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I use nginx to as the front server, I have modified the CSS files, but nginx is still serving the old ones.

I have tried to restart nginx, to no success and I have Googled, but not found a valid way to clear it.

Some articles say we can just delete the cache directory: var/cache/nginx, but there is no such directory on my server.

What should I do now?

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More details on your Nginx configuration would be of much help. Are you using proxy_cache ? –  Alexander Azarov Jun 4 '11 at 12:13
3  
Nginx does not cache by default. –  Alexander Azarov Jun 4 '11 at 17:12
15  
Are you running in a virtualbox/vargant vm? If so, try turning off sendfile, as they don't play well together. –  kolbyjack Jun 6 '11 at 14:22
1  
are you sure the caching is on the nginx side, then? Have you verified the behavior with a tool like curl? Often times, an issue like this is just client-side caching not requesting an updated resource because it's been told that the old resource will be valid for a long time by expires max; or something similar. –  kolbyjack Jul 5 '11 at 14:31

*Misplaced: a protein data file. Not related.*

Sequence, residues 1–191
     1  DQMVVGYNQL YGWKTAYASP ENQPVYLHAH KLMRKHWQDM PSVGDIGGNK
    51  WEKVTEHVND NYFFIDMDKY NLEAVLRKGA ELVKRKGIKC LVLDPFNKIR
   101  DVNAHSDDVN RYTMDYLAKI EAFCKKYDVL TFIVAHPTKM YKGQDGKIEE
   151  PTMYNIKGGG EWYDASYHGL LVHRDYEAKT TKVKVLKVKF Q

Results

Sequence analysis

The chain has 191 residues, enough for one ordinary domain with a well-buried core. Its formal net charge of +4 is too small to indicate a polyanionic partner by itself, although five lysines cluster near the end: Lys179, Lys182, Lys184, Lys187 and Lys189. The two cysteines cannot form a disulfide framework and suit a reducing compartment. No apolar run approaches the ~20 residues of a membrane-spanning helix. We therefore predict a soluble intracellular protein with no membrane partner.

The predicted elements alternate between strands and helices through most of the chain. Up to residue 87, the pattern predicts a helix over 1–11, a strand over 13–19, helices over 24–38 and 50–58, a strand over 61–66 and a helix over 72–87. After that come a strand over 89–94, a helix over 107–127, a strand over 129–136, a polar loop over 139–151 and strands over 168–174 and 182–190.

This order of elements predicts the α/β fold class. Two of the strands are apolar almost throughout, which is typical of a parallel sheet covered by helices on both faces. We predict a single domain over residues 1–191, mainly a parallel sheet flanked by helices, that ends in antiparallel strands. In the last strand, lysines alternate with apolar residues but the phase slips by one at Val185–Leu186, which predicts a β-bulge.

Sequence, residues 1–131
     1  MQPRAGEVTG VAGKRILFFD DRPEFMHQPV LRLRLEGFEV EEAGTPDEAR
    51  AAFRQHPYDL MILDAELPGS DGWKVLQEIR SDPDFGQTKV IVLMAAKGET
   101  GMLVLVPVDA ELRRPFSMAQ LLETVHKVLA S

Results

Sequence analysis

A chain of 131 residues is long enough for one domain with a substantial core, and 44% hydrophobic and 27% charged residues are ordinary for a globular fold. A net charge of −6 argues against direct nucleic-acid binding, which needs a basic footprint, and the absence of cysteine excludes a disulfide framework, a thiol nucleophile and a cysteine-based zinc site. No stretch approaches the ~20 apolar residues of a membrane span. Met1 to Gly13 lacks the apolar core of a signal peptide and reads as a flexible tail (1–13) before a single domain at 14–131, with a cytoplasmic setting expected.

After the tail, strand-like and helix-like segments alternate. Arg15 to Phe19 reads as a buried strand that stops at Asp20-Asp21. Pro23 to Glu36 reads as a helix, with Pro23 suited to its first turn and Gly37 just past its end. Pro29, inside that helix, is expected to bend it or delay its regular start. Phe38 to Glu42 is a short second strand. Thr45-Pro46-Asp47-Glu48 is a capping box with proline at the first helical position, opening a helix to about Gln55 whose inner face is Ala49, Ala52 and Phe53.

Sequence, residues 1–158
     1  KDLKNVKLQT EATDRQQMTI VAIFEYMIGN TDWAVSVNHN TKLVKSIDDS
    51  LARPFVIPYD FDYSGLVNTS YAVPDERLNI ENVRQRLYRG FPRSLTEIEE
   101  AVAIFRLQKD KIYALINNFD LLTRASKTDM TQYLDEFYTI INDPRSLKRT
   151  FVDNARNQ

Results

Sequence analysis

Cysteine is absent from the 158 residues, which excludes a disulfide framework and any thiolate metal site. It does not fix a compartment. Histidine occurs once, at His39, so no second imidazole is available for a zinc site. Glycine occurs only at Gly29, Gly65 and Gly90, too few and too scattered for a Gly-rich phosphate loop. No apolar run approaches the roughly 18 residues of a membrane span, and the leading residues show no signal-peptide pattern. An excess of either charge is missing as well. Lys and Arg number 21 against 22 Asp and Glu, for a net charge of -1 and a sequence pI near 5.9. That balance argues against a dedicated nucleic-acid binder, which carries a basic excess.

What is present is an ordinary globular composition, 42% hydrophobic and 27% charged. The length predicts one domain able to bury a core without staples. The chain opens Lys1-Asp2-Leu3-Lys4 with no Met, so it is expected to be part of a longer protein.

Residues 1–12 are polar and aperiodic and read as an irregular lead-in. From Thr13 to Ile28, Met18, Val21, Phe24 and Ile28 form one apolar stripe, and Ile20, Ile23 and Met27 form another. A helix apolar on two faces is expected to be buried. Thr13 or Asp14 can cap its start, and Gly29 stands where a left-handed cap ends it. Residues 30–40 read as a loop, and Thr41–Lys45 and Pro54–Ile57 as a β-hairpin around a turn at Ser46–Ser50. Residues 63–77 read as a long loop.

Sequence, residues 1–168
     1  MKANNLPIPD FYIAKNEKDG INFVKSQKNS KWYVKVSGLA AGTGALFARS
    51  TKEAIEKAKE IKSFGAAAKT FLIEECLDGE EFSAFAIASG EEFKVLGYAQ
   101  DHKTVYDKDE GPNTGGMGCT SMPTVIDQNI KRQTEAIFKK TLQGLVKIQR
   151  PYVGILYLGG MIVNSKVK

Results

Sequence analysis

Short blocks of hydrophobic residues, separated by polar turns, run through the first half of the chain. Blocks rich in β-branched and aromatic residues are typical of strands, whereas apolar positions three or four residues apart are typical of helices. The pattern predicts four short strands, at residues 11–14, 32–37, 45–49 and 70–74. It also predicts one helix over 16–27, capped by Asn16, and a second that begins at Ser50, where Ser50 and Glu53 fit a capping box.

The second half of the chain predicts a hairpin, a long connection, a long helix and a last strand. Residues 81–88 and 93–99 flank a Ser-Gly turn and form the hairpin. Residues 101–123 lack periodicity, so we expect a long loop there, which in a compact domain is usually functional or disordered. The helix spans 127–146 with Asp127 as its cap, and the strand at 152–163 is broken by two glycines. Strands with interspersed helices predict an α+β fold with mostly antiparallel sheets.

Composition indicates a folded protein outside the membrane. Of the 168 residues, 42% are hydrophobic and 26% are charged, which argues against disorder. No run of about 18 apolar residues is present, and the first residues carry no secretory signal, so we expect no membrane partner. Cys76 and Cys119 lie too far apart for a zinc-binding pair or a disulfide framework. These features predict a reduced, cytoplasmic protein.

1  
@kolbyjack Thanks - you just saved me from hours of frustration with that problem! –  vitch Nov 4 '11 at 12:04

8 Answers 8

up vote 52 down vote accepted

I had the exact same problem - I was running my nginx in virtualbox. I did not have caching turned on. But looks like sendfile was set to on in nginx.conf and that was causing the problem. @kolbyjack mentioned it above in the comments -

when i turned off sendfile - it worked fine.

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5  
Works as advertised but a link and some information about the purpose of sendfile would be more appreciated than the personal account. Change this from a journal entry into a factual answer and gain my vote. –  nickl- Sep 6 '13 at 19:34
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Refer to this link –  Sian Lerk Lau Jan 20 at 6:49
    
In my case, the alternative workaround is to turn on gzip for these file types. Either way the problem is solved. –  Dingle Mar 23 at 0:28